This material could change the lives of women with vaginal mesh implants

Posted by
Emily Reynolds
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Newly developed material may prevent serious injuries in women undergoing surgery involving vaginal mesh. 

Thousands of women suffered life-changing pain after vaginal mesh implants caused them serious injury. But now scientists from the University of Sheffield say they’ve created a more flexible implant that more closely resembles human tissue – and could prevent injury altogether. 

Polyurethane fibres, most commonly used in furniture upholstery, will be used to create the new implants. 

“This whole area has suffered from a lack of research because the manufacturers denied there was a problem [with the original mesh devices] and patients weren’t listened to,” said Professor Sheila MacNeil, professor of tissue engineering in the department of materials science and engineering at the University of Sheffield.

“Now many millions of dollars have been paid out by mesh manufacturers in compensation, and many have stopped marketing products for this use, because there are so many side-effects. But then surgeons look round, there’s no new material to replace it.”

“I’m delighted other groups are developing these materials, the area needs more research and we ought to be one of twenty groups doing this,” she said.

Vaginal mesh implants are sometimes given to women whose pelvic muscles weaken after childbirth. This can often lead to prolapse – when pelvic organs including the uterus, bowl and bladder push into the vagina. Thousands of women across the UK have had the procedure performed.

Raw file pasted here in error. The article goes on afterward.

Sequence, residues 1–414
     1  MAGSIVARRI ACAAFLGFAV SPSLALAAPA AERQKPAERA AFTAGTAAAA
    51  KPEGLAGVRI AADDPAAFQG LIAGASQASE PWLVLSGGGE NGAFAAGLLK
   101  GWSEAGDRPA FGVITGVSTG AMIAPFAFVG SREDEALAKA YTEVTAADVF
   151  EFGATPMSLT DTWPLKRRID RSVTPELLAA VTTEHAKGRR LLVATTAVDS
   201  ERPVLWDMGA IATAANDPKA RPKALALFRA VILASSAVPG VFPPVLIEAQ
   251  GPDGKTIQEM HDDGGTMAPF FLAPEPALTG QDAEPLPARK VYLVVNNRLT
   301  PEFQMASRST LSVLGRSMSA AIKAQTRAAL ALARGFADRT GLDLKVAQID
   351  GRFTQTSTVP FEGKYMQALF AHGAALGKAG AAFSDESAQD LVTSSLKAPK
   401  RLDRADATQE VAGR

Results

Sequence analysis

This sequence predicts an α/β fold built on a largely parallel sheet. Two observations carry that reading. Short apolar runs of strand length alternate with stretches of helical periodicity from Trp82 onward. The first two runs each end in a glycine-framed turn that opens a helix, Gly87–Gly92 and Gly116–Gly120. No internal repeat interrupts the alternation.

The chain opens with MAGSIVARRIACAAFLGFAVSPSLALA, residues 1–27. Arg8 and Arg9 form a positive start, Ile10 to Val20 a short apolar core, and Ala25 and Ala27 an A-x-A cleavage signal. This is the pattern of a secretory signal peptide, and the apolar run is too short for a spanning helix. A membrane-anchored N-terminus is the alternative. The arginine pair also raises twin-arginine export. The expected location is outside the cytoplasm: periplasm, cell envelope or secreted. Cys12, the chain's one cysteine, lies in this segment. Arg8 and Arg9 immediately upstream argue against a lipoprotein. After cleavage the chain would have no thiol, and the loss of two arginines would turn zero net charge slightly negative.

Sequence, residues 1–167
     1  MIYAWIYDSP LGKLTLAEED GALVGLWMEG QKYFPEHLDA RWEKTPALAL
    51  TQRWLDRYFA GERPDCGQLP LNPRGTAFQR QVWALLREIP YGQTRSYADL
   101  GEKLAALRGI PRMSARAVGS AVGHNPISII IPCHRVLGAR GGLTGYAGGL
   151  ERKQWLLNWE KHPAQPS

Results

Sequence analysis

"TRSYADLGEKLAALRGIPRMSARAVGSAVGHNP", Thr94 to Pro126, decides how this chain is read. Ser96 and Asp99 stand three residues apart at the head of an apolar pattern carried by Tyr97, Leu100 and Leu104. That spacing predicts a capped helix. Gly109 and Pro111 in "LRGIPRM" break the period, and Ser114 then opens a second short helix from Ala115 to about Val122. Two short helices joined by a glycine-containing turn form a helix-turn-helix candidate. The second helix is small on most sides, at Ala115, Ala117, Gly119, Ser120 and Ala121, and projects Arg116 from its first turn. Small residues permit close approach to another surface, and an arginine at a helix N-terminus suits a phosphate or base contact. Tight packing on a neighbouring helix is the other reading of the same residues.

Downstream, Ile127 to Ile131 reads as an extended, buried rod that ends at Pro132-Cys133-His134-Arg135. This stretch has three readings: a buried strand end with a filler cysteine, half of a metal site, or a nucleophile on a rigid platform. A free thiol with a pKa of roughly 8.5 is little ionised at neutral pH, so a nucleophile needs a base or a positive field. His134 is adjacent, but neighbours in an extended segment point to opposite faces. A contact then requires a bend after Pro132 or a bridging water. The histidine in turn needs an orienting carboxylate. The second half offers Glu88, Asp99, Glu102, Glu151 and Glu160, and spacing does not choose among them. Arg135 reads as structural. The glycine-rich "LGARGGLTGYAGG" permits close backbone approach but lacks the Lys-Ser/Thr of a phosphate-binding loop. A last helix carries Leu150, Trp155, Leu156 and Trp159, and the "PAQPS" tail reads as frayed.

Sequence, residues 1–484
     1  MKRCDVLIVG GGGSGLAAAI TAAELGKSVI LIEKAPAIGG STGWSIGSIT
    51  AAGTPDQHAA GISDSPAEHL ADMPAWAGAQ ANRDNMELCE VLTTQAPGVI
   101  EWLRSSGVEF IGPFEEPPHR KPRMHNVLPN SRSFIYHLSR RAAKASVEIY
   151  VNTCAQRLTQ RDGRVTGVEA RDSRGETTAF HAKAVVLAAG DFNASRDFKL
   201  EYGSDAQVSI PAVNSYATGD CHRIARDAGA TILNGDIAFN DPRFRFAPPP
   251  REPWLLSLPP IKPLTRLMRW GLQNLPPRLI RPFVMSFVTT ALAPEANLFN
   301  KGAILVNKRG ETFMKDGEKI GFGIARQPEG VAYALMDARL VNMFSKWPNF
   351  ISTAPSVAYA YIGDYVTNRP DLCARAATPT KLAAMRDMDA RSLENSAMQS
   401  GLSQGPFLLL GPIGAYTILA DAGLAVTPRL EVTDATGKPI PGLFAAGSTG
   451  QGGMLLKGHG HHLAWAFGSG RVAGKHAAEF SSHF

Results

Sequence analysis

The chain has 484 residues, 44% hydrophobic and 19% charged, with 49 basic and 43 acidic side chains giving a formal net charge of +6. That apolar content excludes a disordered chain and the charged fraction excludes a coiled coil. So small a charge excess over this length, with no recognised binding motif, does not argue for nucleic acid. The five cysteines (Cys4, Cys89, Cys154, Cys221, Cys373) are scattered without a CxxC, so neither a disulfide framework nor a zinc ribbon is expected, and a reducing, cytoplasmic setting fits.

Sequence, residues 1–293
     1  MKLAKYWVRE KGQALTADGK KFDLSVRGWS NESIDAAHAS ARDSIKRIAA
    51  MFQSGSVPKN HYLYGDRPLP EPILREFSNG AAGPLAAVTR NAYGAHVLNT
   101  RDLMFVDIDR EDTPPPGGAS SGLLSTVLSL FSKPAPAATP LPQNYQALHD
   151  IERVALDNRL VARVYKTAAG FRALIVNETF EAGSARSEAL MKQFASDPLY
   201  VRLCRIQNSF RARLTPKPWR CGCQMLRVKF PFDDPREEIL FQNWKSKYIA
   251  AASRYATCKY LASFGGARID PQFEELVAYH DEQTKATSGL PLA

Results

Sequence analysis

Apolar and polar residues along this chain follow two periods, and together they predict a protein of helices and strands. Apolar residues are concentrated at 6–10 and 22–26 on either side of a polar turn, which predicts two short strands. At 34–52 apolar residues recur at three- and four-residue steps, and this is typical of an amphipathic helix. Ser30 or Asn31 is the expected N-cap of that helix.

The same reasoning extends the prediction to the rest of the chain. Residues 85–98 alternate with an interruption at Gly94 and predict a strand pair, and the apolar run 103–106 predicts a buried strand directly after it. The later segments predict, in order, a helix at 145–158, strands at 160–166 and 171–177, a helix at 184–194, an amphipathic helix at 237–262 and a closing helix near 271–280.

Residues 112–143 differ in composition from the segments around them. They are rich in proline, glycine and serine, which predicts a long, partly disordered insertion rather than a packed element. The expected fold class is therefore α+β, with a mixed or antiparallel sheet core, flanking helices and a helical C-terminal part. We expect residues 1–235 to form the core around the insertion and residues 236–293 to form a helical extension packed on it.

Research suggests that one in ten women experience complications with the implants, which sometime cut into the vaginal wall.  Some women have experienced infections and serious pain; others have been left disabled or even died. 

But campaigners against vaginal mesh implants told The Independent that plastic implants should not be used at all. 

“Poly- is key here,” Kath Sansom, founder of campaign group Sling the Mesh, said. “Whether it is polypropylene or polyurethane, it is plastic which does not belong in a human body never mind in a woman’s vagina which is a clean, uncontaminated field.”

“Plastic is not inert which means it can change once implanted. It can shrink, twist degrade and it is that which is catastrophic once inside women’s bodies.”

Image: iStock